# Primitive roots as roots of a $q$-multinomial.

If $n$ is divisible by $m$, why is it the case that the $m$th primitive roots of unity are also roots of $\binom{n}{k}_q$ if and only if $m$ does not divide $k$?

I'm viewing $\binom{n}{k}_q$ as a polynomial in $q$, but I don't see why the divisibility relations gives this condition of the primitive roots being roots of the polynomial. Thanks.

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The complex $m$th roots of unity are roots of $x^m-1$, and form a regular $m$-gon on the unit circle in the complex plane with one vertex at $1$ (for $0 < m \in \mathbb{N}$). Primitive $m$th roots of unity are roots of the irreducible polynomial factors of $x^m-1$, called cyclotomic polynomials $\phi_d(x)$ and satisfying $$x^m-1 = \prod_{0<d|m}\phi_d(x)\;,$$ which recursively defines them: $\phi_1(x)=x-1$, $\phi_2(x)=x+1$, $\phi_3(x)=x^2+x+1$, $\phi_4(x)=x^2+1$, $\phi_5(x)=x^4+x^3+x^2+x+1$, $\phi_6(x)=x^2-x+1$, etc. In particular, $\phi_d(x)$ has degree $\phi(d)$ and, as stated, its roots are precisely the primitive $m$th roots of unity.
(The polynomial factorization formula above can also be seen as providing a partition of the full set of $m$th roots of unity, which forms a multiplicative subgroup of $\mathbb{C}$ of order $m$, into subsets based on their order -- for which minimal $d$ do they satisfy $x^d=1$ -- comprised of $\phi(d)$ generators $\{e^{2\pi ij/d}|(j,d)=1\}$ of the subgroup of order $d$ for each positive divisor $d$ of $n$. It is worthwhile once to draw some examples of these partitions.)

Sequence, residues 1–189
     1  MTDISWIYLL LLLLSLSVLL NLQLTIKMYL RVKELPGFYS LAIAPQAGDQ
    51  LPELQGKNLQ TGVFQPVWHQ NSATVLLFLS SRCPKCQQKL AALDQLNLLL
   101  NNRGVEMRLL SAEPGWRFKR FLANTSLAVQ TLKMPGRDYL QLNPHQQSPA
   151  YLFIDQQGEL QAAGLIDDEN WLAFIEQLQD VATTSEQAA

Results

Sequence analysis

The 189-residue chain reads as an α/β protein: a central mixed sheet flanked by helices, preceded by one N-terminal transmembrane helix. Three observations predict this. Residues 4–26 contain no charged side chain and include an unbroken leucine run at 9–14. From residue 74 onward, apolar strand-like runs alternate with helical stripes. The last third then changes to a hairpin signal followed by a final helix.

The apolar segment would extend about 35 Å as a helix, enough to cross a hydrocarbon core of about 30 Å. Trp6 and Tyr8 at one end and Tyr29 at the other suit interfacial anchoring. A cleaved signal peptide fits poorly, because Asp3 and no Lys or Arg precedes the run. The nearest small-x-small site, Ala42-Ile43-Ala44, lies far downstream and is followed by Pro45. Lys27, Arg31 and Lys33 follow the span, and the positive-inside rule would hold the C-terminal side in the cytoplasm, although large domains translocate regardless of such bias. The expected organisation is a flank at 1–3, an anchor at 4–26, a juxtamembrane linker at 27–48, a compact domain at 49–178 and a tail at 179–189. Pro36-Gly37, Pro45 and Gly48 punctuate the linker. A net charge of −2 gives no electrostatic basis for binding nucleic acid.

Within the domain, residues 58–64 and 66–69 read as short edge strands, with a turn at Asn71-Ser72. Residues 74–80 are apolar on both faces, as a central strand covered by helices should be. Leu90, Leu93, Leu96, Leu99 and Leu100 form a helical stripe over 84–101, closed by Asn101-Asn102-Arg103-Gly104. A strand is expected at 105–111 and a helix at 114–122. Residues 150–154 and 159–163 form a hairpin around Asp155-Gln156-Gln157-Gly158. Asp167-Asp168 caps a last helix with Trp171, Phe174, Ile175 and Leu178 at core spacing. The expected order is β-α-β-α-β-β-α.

Now since $$[m]_q=\frac{q^m-1}{q-1}=\prod_{1<d|m}\phi_d(q)\;,$$ its roots are precisely the nontrivial $m$th roots of unity for $m>1$ (all primitive $d$th roots of unity where $d>1$ and $d \mid m$). So a root of $$\binom{n}{k}_q =\prod_{j=1}^{k}\frac{[n-j+1]_q}{[j]_q} =\prod_{1<d \leq n}\phi_d(q)^{e_d} \qquad\text{for some }e_d\in\mathbb{Z}$$ must be a root of the numerator more times than of the denominator (counting multiplicity). It is actually pretty elementary to calculate the $e_d$ (no prime factorization is needed). We simply observe that we need to add one for each time that $d$ divides a number from $\{n, n-1, \dots, n-k+1\}$ and subtract one for each time it divides a number from $\{k, k-1, \dots, 1\}$. This can be expressed using the floor function, by similar reasoning as is used to count powers in the prime factorization of a factorial: $$e_d =\left[\frac{n}{d}\right] -\left[\frac{n-k}{d}\right] -\left[\frac{k}{d}\right]$$ Observing that the each floor function is only taking away the residue or remainder modulo $d$ from the numerator of the fraction it contains, and grouping the two negative terms, we can see that $e_d\geq0$ is in fact positive iff $k$ has smaller (nonnegative) residue than $n$ modulo $d$. To see this, let $n=ud+r$ and $k=vd+s$ for $0 \leq r,s < d$ and note that $$e_d = \left[u+\frac{r}{d}\right] -\left[u-v+\frac{r-s}{d}\right] -\left[v+\frac{s}{d}\right] =-\left[\frac{r-s}{d}\right] =\left\{\begin{matrix} 1 & r < s \\ 0 & r \geq s \end{matrix} \right.$$ since the floor function rounds down to $-\infty$ and $-d<r-s<d$.
In particular for $m=d \mid n$, we can see that the primitive $m$th roots of unity are roots of $\binom{n}{k}_q$ iff $$\phi_m(q) \mid \binom{n}{k}_q \iff e_m = 1 \iff m \nmid{k} \iff m \nmid n-k \;.$$
Thanks bgins. Do you mind explaining further the case when $m\mid k$ if you have the time? –  Shea Dec 17 '11 at 7:13